ct-gov/covid19-case-rate-per-100000-population-and-9uci-nvcw
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Updated 12 months ago
Indexed 4 hours ago

COVID-19 case rate per 100,000 population and percent test positivity in the last 14 days by town - ARCHIVE

As of 10/22/2020, this dataset is no longer being updated and has been replaced with a new dataset, which can be accessed here: https://data.ct.gov/Health-and-Human-Services/COVID-19-case-rate-per-100-000-population-and-perc/hree-nys2

This dataset includes a count and rate per 100,000 population for COVID-19 cases, a count of COVID-19 PCR diagnostic tests, and a percent positivity rate for tests among people living in community settings for the previous two-week period. Dates are based on date of specimen collection (cases and positivity).

A person is considered a new case only upon their first COVID-19 testing result because a case is defined as an instance or bout of illness. If they are tested again subsequently and are still positive, it still counts toward the test positivity metric but they are not considered another case.

These case and test counts do not include cases or tests among people residing in congregate settings, such as nursing homes, assisted living facilities, or correctional facilities.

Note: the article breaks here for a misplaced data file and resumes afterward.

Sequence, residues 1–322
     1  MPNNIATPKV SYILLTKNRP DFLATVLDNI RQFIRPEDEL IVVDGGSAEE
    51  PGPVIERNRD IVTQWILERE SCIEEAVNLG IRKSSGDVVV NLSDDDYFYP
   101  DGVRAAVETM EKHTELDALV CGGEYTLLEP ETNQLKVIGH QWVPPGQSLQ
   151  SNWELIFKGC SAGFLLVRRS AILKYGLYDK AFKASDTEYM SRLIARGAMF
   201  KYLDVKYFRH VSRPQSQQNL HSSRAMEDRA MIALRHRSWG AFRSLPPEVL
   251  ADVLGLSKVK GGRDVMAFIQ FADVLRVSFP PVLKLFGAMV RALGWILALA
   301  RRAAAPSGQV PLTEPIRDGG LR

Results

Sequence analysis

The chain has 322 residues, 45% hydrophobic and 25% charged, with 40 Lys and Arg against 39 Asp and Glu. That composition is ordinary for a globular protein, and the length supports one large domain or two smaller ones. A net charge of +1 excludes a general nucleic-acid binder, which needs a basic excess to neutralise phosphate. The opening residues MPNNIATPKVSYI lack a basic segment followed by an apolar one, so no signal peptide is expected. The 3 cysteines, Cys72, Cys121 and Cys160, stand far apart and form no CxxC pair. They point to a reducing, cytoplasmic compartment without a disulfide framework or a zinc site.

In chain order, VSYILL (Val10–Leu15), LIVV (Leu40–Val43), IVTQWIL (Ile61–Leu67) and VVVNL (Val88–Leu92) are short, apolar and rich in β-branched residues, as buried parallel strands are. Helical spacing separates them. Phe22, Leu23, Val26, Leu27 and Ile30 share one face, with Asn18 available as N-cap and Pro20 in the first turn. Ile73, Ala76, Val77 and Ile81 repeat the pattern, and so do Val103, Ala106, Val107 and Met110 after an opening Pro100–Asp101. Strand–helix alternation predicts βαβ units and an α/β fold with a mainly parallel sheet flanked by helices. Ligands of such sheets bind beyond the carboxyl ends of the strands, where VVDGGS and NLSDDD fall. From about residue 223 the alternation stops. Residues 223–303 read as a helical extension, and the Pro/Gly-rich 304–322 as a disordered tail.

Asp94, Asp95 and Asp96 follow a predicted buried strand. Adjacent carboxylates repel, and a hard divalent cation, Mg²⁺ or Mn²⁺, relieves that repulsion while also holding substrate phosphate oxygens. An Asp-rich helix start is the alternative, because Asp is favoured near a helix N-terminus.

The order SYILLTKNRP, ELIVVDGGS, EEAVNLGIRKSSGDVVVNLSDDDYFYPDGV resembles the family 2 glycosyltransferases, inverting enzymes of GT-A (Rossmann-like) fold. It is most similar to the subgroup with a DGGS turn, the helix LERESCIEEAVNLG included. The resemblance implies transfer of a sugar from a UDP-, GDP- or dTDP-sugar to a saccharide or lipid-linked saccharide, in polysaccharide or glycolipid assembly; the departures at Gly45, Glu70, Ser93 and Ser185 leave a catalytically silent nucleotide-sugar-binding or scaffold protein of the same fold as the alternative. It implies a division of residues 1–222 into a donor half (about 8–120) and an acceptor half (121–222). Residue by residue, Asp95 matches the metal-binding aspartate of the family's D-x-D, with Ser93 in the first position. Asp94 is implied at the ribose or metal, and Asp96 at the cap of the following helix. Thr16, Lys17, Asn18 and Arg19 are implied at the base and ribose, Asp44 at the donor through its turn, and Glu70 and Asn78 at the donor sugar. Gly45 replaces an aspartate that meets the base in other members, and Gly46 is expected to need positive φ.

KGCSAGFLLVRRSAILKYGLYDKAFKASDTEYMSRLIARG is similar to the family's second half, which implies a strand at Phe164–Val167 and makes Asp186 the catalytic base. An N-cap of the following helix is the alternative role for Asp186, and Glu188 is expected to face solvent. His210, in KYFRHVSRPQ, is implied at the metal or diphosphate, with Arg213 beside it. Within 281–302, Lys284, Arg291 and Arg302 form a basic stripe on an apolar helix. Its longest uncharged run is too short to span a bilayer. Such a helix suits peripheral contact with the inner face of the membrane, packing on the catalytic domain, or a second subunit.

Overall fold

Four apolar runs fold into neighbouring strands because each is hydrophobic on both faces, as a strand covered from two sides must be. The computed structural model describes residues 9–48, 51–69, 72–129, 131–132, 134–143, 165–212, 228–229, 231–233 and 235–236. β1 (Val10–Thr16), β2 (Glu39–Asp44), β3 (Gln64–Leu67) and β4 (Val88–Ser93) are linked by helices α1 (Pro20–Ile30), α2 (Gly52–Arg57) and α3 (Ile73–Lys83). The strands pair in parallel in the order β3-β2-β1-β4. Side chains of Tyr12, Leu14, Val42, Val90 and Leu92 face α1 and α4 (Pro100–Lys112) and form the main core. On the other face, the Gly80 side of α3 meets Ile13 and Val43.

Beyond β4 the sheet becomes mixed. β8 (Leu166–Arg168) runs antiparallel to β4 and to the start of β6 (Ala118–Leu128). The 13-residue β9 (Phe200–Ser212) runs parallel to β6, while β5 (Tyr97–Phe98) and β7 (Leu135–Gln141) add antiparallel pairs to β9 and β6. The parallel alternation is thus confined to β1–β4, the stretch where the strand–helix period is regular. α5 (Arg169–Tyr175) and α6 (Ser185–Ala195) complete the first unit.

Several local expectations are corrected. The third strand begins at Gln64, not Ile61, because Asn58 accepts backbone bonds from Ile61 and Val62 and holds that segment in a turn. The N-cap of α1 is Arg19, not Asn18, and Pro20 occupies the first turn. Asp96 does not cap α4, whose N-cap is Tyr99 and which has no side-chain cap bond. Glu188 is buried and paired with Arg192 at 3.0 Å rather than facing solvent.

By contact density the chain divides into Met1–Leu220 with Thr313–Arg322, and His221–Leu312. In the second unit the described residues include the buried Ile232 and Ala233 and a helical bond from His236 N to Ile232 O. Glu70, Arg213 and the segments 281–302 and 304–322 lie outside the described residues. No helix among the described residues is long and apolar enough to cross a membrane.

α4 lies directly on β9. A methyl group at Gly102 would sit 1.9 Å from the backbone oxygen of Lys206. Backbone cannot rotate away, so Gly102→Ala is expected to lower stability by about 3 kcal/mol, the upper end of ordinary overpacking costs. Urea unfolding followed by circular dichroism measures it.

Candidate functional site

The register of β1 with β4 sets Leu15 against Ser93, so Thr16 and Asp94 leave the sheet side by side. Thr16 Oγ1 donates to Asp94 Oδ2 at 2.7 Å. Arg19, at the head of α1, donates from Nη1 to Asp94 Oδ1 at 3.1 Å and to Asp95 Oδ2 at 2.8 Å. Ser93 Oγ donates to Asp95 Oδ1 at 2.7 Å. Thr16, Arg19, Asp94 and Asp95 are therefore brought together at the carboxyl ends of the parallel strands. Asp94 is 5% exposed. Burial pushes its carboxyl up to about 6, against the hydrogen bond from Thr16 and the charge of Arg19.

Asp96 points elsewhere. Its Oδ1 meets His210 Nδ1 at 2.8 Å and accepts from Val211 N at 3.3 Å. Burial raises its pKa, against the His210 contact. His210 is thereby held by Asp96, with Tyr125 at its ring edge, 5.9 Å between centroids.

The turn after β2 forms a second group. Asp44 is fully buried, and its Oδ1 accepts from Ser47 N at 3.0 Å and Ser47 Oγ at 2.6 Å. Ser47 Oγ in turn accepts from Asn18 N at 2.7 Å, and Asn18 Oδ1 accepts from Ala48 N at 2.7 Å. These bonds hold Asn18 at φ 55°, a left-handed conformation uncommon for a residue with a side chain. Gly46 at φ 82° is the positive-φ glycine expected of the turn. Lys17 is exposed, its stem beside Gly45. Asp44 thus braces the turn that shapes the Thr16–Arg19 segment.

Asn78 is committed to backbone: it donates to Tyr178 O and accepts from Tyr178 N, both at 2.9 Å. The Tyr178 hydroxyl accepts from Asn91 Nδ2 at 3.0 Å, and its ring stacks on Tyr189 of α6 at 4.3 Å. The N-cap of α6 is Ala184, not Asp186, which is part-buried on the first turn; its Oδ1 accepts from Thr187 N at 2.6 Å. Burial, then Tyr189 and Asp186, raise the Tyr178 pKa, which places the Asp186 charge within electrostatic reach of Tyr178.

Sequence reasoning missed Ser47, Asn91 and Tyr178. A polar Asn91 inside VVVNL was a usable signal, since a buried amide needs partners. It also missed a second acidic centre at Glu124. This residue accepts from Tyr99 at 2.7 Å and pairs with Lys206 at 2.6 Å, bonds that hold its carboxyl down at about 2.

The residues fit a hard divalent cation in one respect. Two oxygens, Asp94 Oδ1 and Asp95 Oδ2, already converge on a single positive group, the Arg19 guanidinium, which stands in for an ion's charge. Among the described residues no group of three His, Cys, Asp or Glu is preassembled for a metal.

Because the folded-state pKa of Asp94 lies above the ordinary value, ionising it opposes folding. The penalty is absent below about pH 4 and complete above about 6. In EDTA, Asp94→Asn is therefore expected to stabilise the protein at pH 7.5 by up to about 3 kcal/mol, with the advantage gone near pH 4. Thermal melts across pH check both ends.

These data are updated weekly and reflect the previous two full Sunday-Saturday (MMWR) weeks (https://wwwn.cdc.gov/nndss/document/MMWR_week_overview.pdf).

DPH note about change from 7-day to 14-day metrics:

Prior to 10/15/2020, these metrics were calculated using a 7-day average rather than a 14-day average. The 7-day metrics are no longer being updated as of 10/15/2020 but the archived dataset can be accessed here: https://data.ct.gov/Health-and-Human-Services/COVID-19-case-rate-per-100-000-population-and-perc/s22x-83rd

As you know, we are learning more about COVID-19 all the time, including the best ways to measure COVID-19 activity in our communities. CT DPH has decided to shift to 14-day rates because these are more stable, particularly at the town level, as compared to 7-day rates. In addition, since the school indicators were initially published by DPH last summer, CDC has recommended 14-day rates and other states (e.g., Massachusetts) have started to implement 14-day metrics for monitoring COVID transmission as well.

With respect to geography, we also have learned that many people are looking at the town-level data to inform decision making, despite emphasis on the county-level metrics in the published addenda. This is understandable as there has been variation within counties in COVID-19 activity (for example, rates that are higher in one town than in most other towns in the county).

Querying over HTTP

Splitgraph serves as an HTTP API that lets you run SQL queries directly on this data to power Web applications. For example:

curl https://data.splitgraph.com/sql/query/ddn \
    -H "Content-Type: application/json" \
    -d@-<<EOF
{"sql": "
    SELECT *
    FROM \"ct-gov/covid19-case-rate-per-100000-population-and-9uci-nvcw\".\"covid19_case_rate_per_100000_population_and\"
    LIMIT 100 
"}
EOF

See the Splitgraph documentation for more information.

 
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